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ISSUE: Senate Bill 205 clarifies election law
OUR VIEW: Beware of this unnecessary legislation
When it comes to politics, basic words can take on new meanings.
For example, many are referring to Rand Paul as the frontrunner in the race for the 2016 Republican presidential nomination. After he again won a straw poll at the recent conservative caucus event in Washington, Paul described the frontrunner designation as meaning “unlucky.”
Running ahead of the pack surely will attract more attacks once he formally announces. The leader quickly becomes the target — another redefinition.
In the meantime in Frankfort, state Sen. Damon Thayer wants to change Kentucky law to ensure that Paul’s likely presidential bid does not interfere with him also running for re-election to the U.S. Senate. Thayer uses the word “clarify” to describe his tinkering.
Senate Bill 205 would allow any Kentuckian seeking a federal office to also appear on the same ballot in pursuit of another position. A committee substitute with revised language cleared its first hurdle Wednesday, passing a Senate committee.
Despite that progress, the bill seems destined for oblivion. Even if it passes in the state Senate where Thayer serves as majority leader, passage in the Democratic-controlled House is another story.
The bill was written with Paul and his political aspirations in mind. Any special circumstance adjustment to election laws almost always reeks of politics and should give all legislators reason to hesitate.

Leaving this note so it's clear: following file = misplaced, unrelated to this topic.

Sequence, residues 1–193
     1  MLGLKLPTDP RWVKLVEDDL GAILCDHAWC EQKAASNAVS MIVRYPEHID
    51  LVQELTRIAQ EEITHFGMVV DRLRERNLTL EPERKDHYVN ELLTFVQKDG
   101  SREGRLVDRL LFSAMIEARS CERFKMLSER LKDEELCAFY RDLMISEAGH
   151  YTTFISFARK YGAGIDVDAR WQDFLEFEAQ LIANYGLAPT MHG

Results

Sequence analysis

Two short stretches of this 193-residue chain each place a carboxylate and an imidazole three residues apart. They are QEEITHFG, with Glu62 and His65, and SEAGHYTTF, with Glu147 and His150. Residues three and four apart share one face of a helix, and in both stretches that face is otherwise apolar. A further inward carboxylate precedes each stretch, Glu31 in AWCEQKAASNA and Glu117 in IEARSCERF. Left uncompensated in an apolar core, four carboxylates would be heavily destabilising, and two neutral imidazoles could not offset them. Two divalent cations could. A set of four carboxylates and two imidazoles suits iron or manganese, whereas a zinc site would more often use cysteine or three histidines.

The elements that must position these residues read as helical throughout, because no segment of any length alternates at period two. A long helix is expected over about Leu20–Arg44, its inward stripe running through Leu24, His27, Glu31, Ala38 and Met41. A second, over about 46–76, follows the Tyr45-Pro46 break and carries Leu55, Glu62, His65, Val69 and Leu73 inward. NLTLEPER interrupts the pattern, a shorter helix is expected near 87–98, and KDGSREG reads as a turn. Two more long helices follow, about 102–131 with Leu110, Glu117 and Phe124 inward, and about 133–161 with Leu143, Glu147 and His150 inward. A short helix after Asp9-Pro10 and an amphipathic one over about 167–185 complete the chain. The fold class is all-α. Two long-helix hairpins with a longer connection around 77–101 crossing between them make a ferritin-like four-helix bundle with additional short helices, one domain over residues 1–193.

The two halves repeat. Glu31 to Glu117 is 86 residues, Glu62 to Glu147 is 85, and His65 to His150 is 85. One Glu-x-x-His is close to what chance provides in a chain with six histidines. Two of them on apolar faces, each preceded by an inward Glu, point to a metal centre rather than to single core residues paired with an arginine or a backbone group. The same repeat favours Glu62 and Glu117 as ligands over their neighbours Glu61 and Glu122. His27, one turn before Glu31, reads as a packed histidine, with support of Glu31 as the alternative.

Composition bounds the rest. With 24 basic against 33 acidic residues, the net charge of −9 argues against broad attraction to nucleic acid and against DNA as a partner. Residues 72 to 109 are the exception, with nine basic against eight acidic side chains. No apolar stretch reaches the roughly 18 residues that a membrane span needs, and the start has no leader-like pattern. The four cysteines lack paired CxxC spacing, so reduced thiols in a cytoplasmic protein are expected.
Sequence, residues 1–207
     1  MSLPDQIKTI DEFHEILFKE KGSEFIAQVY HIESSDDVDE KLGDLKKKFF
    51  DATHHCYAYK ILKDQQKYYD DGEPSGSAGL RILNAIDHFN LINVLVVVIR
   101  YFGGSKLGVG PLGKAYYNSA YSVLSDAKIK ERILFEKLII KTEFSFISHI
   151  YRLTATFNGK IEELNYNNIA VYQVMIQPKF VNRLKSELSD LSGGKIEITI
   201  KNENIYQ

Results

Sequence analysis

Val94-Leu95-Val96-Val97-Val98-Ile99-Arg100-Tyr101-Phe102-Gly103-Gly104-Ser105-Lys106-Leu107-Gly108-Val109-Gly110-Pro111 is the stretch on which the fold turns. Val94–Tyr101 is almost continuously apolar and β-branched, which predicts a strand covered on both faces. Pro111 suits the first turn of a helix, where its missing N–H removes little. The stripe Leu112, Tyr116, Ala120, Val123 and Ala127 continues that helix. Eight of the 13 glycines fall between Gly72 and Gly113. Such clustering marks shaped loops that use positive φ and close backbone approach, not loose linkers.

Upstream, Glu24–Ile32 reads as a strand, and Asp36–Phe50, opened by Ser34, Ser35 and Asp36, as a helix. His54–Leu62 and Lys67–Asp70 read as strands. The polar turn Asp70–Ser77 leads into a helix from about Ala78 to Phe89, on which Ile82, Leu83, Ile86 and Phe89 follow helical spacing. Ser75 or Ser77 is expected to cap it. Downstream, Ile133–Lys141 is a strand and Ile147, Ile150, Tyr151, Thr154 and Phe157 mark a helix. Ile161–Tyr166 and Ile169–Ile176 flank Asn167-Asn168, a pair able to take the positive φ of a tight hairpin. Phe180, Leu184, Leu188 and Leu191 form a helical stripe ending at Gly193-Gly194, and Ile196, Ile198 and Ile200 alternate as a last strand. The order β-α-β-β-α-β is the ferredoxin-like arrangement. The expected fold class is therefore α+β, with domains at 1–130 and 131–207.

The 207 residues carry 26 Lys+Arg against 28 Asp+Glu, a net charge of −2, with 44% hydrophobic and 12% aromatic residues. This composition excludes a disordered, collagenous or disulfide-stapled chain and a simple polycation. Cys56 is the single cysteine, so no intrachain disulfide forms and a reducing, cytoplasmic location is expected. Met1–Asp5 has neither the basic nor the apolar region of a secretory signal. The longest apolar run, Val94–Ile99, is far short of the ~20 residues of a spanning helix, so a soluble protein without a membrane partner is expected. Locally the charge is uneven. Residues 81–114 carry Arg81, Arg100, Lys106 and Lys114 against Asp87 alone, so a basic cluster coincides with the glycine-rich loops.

These special purpose favors often have unintended consequences.
This clarification — to borrow Thayer’s spin word — is designed to remove any question as to whether Paul’s name could appear twice on primary ballots in 2016.
As one of Paul’s senior advisers notes, it likely is unnecessary since the federal government determines what is allowed in national elections.
“Federal law governs federal elections and the Supreme Court has made it clear that states cannot impose additional qualifications beyond those in the Constitution,” Doug Stafford said. “We are not seeking to change the law, but rather to clarify that the Kentucky statute does not apply to federal elections. We thank Sen. Thayer for taking this step in clarifying this issue.”
What the bill will accomplish is allow Sen. Paul a chance to determine who among the Republican Party’s elected leaders is willing to look beyond his Tea Party ties and attach their fortunes to his rising star.
One notable flushed out by this bill was Kentucky’s senior senator, Mitch McConnell. Locked in a troublesome re-election bid this year, McConnell and some of his supporters took time to call state legislators on behalf of the bill and Paul.
Maybe he’s looking to borrow some of Paul’s momentum.
Paul and his aides say he’s committed to the Senate run. Although he has an officially sanctioned website, www.randpaul2016.com, and Facebook presence, no one publicly will say he is running for president.
Of course if he’s not running for two positions, Thayer’s bill could be redefined as totally unnecessary.
Just goes to show that the more you clarify in politics, the more cloudy the facts become.
This editorial represents a consensus of The News-Enterprise editorial board.